Manila, Philippines – Tapa is the Filipino’s single-letter-short version of the term Tapas. Tapas are a variety of appetizers and snacks that hail from Spain. Methinks that’s where our Tapa fixation originates. Folks say that Tapas are designed to encourage conversation since the small plates are really in-between fixes to the wine being consumed and the company being shared.
“Tapas” comes from the Spanish verb tapar meaning “to cover.” Legend has it that the early travellers would use a slice of bread or some sliced meat (which they usually served as part of a round of drinks) to cover their glasses and keep the flies away. A Wiki check shows that the origin of tapas was most likely with Felipe III.
He passed a law in an effort to curb drunken behaviour. The law stated that when one purchased a drink, the bartender was to place a cover or lid containing some small quantity of food over the mouth of the mug or goblet as part of the purchase of the beverage. They hoped that the food would slow the effects of the alcohol, and fill the stomach to prevent binge drinking. He meant well…but he failed.
Somewhere in time, Filipinos must have adopted and modified this to make it truly Filipino. And, as any person who plays power games knows, a significant step in establishing authority over someone else is to attempt to rename the subject of conquest. We probably decided to drop the “s” as a step in establishing a new pecking order over tapas – either that or we just thought it was too long a word.
Fast forward to the present where tapa is part of the DNA of Filipino cuisine. Breakfast, lunch, dinner, snack, midnight snack, pulutan (drinking food) – tapa is omnipresent.
Multiple varieties line our 7,102 islands – dry, crunchy, wet, sweetish, fatty, thick, thin, bite-sized, full on breakfast steaks, spicy…you name it, it’s there. Mom’s version, Dad’s version, Lola’s version, Tita’s version…they’re there. The more famous ones have specific names to it – Central Market, O’s Kitchen, Tapa King and so on.
Tapa is usually served with garlic fried rice and egg (sunny-side up, scrambled, over-easy or fried with crispy/salty edges). Then sometime in my lifetime – probably in the mid-80s, a magical thing happened. Filipinos again decided to re-establish its authority over the dish – christening it tapsilog (tapa, sinangag at itlog aka tapa, fried rice and egg). The 24-hour establishment was reborn – and the 80s equivalent of a viral hit was born (together with all the other silogs).
With such a colorful past and a long line of already famous tapahans, tapsihans and tapsilugans, a boast that one has the “World Famous US Beef Tapa (naks)” must be validated by anyone who takes their tapa seriously – especially if it also goes by the moniker “Patriotic Tapa.”
And I did.
Gram’s Diner has 4 outlets in Metro Manila – all fun, light attempts at re-creating a 50s feel diner/dive. The menu doesn’t take itself seriously…great visuals, nice copy with a tongue-in-cheek tone and self-deprecating humor.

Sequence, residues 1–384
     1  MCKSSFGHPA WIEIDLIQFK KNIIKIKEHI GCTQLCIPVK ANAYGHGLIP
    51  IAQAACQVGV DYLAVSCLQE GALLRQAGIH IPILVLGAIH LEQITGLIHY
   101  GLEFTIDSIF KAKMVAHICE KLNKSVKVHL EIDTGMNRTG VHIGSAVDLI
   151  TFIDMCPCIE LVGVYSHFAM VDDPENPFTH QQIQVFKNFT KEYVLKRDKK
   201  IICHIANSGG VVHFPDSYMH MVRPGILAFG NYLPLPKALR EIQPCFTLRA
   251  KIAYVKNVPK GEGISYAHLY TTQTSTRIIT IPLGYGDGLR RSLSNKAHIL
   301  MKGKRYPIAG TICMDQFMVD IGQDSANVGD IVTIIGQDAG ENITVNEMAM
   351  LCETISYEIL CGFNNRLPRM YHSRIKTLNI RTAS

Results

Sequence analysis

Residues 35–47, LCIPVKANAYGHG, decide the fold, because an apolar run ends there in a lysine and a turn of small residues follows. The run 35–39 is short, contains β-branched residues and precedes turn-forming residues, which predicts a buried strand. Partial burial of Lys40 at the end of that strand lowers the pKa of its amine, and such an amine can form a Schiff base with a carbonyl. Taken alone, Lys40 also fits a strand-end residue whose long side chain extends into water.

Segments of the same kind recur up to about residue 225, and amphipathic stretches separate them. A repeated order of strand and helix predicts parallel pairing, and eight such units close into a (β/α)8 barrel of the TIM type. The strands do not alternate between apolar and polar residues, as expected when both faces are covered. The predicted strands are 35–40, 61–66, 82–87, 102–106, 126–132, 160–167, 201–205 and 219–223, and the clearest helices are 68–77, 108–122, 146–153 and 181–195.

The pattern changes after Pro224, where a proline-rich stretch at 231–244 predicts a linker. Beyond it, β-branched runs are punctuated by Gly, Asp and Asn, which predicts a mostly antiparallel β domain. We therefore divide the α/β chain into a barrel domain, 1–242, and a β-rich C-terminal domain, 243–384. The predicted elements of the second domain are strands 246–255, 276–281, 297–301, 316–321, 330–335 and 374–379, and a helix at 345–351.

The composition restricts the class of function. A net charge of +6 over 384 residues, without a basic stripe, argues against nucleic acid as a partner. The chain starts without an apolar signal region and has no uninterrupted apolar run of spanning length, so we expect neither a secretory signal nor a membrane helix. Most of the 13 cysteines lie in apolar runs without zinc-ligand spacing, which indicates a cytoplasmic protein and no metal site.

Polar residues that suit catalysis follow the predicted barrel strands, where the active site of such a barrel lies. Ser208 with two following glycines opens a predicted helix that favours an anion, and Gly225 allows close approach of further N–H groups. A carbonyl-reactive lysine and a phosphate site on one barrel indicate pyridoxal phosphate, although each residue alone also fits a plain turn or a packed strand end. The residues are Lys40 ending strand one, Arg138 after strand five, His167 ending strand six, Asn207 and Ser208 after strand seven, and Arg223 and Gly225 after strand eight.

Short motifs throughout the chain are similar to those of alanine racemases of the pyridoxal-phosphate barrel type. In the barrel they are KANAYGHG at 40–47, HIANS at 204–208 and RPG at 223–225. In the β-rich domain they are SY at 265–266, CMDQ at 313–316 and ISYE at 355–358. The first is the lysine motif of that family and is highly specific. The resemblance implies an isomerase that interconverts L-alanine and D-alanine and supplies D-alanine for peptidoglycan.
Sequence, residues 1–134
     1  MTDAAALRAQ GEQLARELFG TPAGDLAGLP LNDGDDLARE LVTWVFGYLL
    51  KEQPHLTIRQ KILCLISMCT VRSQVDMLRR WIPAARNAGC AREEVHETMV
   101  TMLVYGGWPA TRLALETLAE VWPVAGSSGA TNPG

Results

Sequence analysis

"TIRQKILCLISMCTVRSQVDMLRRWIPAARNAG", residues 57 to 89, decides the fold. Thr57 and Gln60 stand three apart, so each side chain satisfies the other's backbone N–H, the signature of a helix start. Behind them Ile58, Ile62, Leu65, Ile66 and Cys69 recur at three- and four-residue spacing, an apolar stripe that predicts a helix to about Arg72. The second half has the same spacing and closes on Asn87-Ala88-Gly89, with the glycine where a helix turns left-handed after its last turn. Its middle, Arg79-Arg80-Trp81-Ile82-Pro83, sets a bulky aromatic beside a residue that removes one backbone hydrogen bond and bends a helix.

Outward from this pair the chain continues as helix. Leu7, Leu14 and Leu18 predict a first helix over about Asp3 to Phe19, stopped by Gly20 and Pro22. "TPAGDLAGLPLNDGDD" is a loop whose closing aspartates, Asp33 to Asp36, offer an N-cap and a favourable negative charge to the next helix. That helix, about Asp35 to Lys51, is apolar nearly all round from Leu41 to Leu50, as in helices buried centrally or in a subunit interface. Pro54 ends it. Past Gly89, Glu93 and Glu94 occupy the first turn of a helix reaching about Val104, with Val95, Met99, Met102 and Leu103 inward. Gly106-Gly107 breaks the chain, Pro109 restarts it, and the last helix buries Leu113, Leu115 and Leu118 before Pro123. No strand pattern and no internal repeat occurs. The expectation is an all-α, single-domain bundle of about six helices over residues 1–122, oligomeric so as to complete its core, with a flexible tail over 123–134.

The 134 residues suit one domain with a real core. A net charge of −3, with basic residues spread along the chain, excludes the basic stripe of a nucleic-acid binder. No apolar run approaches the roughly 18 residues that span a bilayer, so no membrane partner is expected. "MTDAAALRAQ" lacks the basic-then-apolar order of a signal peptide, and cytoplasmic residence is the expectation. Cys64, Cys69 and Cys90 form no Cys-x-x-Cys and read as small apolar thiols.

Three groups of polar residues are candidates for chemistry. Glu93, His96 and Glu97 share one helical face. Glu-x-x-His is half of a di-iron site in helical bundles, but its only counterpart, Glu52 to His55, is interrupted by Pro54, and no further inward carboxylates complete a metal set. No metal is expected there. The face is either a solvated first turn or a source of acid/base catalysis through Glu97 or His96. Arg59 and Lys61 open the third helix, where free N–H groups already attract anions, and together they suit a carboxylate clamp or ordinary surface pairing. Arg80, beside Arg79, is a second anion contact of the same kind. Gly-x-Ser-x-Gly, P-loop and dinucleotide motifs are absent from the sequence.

A good sign – never taking yourself seriously means you’re serious about stuff that matters…in this case, food. The menu alone is worth reading cover to cover – not just because of the variety but because it is well written, funny and adorned with amazing food porn.
I order the meal version of Gram’s World Famous US Beef Tapa (naks), not the breakfast version….and yes, that’s the full name of the dish (including the “naks”).
Two fried eggs (sunny side up and runny), a decent portion of garlic fried rice, bite-size portions of the tapa spread across a big plate and an empty stomach. I see that this is on the dry-side of the tapa spectrum. Good. Doesn’t look overdone, some crispy portions at the edges on a few, singe marks on various sections and nice color…promising.
I scoop it up. I pile it on. I masticate with purpose. I scoop it up, I pile it on, and I masticate with purpose. I scoop it up, I pile it on and I masticate with abandon. I have become a tapa zombie. I have become a powerful vacuum hose sucking it all in. My mouth has become the Bermuda Triangle – everything in its vicinity disappears. This is good. No – this is great….no, this is outstanding!
The tapa looks deceptively thin and moist and yet it is crispy – a mix of tenderness and crispiness. You don’t feel that you’ve wasted the US Beef…it did it justice. The marinade is not overpowering – not designed to mask great beef but rather to enhance it. A tiny tinge of sweetness with the right saltiness and some sourness permeates the tapa.
No trace of oil or frying is seen (or tasted) on the plate. The fried rice is fluffy and sprinkled with deep fried garlic bits that stop itself from taking over the rice and the eggs are perfect. The slices are not too thin – allowing you to know that it is beef but they’re not too thick either (which turns it into bistek).
This is tapsilog taken to a new level – not pretentious, not fusion-esque just good. This is a dish so confident of itself that it doesn’t need to try to be anything else. It simply is.
As the Philippines celebrates another Independence Day this week, I have added a new memory to go with the flag raising that marks the day…as I see the Philippine flag taking its place on cars, on lamp posts and buildings, I add a salute to the Patriotic Tapa – a dish that takes the essence of its history, distils it and re-presents it for the here and now.
For isn’t that what heritage is all about: awareness of our past running through the sieve of today, in order to extract the heart of who we are? – Rappler.com
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